By Jon Weisman
I’ll admit, there have been times when I’ve thought I’m the naive one for not giving up on a player. But then came Juan Uribe. And now comes Brandon League.
A pitcher that a number of Dodger fans were rooting for to be released, who allowed 87 baserunners and a 5.30 ERA in 54 1/3 innings in 2013 and half of his inherited runners to score, has now thrown 16 1/3 consecutive innings without allowing an earned run, stranded seven of eight inherited runners and been unscored upon in 12 of 14 appearances in 2014.
Here’s a game-by-game look at the 10 appearances that have encompassed his scoreless streak, followed by what passes as analysis from me (with help from Baseball-Reference.com).
- April 16: Leadoff single followed by a 4-6-3 double play.
- April 18: Entered in ninth inning of tie game with one out and runners on first and second, and induced two groundouts. In 10th inning, allowed an infield single, then got a strikeout. Paul Goldschmidt then reached on catcher’s interference, but League induced a 6-4-3 double play.
- April 21: Pitched a perfect sixth inning, then allowed a one-out single in the seventh to Ryan Howard but stranded him there.
- April 25: Entered in the top of the 11th with the Dodgers trailing, 3-2, one out and runners at the corners. League walked Troy Tulowtizki, gave up an RBI single to Justin Morneau and then got a 1-4-3 double play.
- April 27: Pitched a perfect two innings with two strikeouts.
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- May 1: Entered in the bottom of the fifth with two out and runners on first and second, Dodgers trailing, 1-0. Joe Mauer grounded into a 6-4 forceout to end the fifth. In the sixth, Trevor Plouffe reached second on a Juan Uribe throwing error, then scored an unearned run on a Chris Colabello single. The next three batters went popout, 5-4-3 double play, 1-3 groundout.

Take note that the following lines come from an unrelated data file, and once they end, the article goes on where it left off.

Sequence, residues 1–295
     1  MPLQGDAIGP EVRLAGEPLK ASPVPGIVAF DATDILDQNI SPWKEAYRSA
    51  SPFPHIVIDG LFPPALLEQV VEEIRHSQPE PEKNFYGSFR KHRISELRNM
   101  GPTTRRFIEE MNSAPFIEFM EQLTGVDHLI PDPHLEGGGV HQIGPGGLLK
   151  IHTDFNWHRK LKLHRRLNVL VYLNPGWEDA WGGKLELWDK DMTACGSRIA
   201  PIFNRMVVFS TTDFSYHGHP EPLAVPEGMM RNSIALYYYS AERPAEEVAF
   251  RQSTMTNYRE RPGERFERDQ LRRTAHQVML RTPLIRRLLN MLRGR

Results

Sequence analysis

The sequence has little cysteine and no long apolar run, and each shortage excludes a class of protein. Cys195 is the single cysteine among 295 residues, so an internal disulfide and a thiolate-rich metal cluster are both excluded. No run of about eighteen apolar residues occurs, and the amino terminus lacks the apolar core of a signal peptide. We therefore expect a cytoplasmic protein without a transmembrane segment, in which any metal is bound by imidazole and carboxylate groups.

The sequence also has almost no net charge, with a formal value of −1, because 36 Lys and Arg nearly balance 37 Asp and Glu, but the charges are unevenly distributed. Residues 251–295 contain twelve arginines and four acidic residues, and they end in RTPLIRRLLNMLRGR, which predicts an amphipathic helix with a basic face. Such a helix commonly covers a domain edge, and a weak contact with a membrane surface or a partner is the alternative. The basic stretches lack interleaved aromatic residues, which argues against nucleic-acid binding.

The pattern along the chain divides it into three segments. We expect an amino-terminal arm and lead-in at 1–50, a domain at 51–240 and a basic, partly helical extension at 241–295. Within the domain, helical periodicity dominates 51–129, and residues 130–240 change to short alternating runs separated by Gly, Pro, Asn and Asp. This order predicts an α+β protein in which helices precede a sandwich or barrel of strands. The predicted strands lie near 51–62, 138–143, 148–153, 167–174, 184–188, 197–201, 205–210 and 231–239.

- May 3: Entered in the bottom of the 10th inning of a 7-7 tie. Adeiny Hechavarria reached second on an infield single and Dee Gordon throwing error. League intentionally walked Giancarlo Stanton, then induced a 4-6-3 double play of Casey McGehee before striking out Marcell Ozuna. After Carl Crawford’s two-run homer, League then pitched a perfect 11th, striking out Jarrod Saltalamacchia to end the game.
- May 5: Entered after a rain delay in the bottom of the fourth and pitched a perfect inning with two strikeouts. Allowed two singles to start the fifth, but got a double-play grounder and then a Jayson Werth groundout to end the inning.
- May 9: With runners on first and second and two out in the top of the sixth, League came in to get Brandon Hicks to pop out. He then allowed three singles to start the bottom of the seventh, but a 1-2-3 double play and a (rare) fly to right ended that threat. League then pitched a perfect eighth on three groundouts.
- May 13: Pitched a perfect eighth inning, then withstood a two-out infield single in the ninth to end the game, striking out a batter in each inning.
Say, did you notice the double plays? In those 10 games, he got seven of them. For the year, League is actually tied for the fourth in the National League in most double-play grounders with eight, despite pitching in only 21 2/3 innings.
He has also induced three more double-play grounders than any other reliever in baseball. Think about it: League has allowed 13 baserunners to reach base during his streak, but more than half have been eliminated by the double play.
The batting average on balls in play against League in 2014, .283, has been just below the NL average of .296. And League’s strikeout ratio remains pretty modest: 5.5 strikeouts per nine innings during the streak. But he’s getting 3.4 grounders for every fly. Against 54 batters, he hasn’t allowed a single extra-base hit, and only five balls have been caught by outfielders.
Call it a coincidence, but note the increased use of his sinker compared with 2013, according to Brooks Baseball.
In any case, it’s led to much improved numbers in 2014, as this breakdown of his Dodger career illustrates.
A few more seeing-eye singles instead of double plays could affect his numbers in a hurry. But to say the least, during his streak, Brandon League has avoided the big blow. And that’s how you turn things around.
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